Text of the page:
G. Willow Wilson and Adrian Alphona give Kamala an unconventional superhero team up in the form of Lockjaw, the giant teleporting Inhuman dog, for “Ms. Marvel” #8. The team up makes for good fun, some nice insight for Kamala, and renewed effort to solve the mystery of the Inventor, even if it’s not the most crucial issue in the series thus far.
Though this issue is technically a bit less significant than others in plot and emotional beats, it still manages to be fun, engaging and insightful when it comes to Kamala — about life generally and her life specifically (i.e. that choosing not to be afraid is powerful).
What continues to impress about “Ms. Marvel” is how effortlessly fun and genuinely funny it is. While Kamala’s life is not necessarily easy or free of conflict, she revels not only in being a superhero, but in being alive, in having power, in helping people, in growing as a person and as a hero — she simply teems with life, goodness and hope; traits that are in surprisingly little supply these days in both real life and media. There’s a boundless enthusiasm in Kamala that is absolutely intoxicating. It’s impossible not to love her and root for her, and by contrast, to worry about her in this big dangerous world that she’s just discovering. It’s a compelling way to build stakes.
It speaks to how well Alphona has built Kamala’s world that it feels so uniquely full of variety, rooted in realism, and can handle the insertion of a giant teleporting dog. Kamala and Lockjaw make for a great team, especially in how Alphona renders them as adorable partners in crime, full of hilarious expressions and awe-inducing moments. As usual, Alphona makes the most Kamala’s visually intriguing power set in both the action sequences and the comedy scenes. A dazed moment after head-butting a machine doesn’t have to rely only on just her (hilarious) expression because Alphona also gives her a (hilarious) giant head. It really is the little things that make this comic so much fun.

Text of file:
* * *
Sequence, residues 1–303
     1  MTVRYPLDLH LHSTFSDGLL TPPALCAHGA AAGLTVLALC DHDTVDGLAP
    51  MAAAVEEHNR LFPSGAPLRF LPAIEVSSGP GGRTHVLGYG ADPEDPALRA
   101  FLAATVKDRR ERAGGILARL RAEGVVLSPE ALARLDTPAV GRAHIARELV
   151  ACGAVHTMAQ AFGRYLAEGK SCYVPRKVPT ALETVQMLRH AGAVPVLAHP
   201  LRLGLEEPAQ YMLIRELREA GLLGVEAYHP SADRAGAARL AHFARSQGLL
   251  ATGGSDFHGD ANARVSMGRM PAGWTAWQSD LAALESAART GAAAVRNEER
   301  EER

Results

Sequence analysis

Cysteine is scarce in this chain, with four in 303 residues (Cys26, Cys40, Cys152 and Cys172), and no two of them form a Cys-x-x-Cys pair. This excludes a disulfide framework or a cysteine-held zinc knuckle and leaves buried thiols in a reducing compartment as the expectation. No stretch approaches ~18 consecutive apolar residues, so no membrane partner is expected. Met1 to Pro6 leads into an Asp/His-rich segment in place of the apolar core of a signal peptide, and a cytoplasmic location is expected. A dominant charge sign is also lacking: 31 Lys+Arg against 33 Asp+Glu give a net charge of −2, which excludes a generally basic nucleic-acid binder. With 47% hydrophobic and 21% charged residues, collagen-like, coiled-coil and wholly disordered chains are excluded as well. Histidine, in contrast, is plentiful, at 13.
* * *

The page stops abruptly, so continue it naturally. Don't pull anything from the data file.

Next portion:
Ian Herring continues to provide a really lovely soft palette for “Ms. Marvel,” which is a smart look for the light and fun tone, but also for the more reality-based feeling of the series in its handling of characters and locations. It’s a light look that is subdued enough to feel like real life and vibrant enough to speak the superhero language of comics.
G. Willow Wilson, Adrian Alphona and Ian Herring are a dream team, crafting an effortlessly enjoyable superhero coming-of-age comic in “Ms. Marvel.” If you’re not reading, you’re not just missing out on a wonderful series, you may just be missing out on the start of a zeitgeist for comics.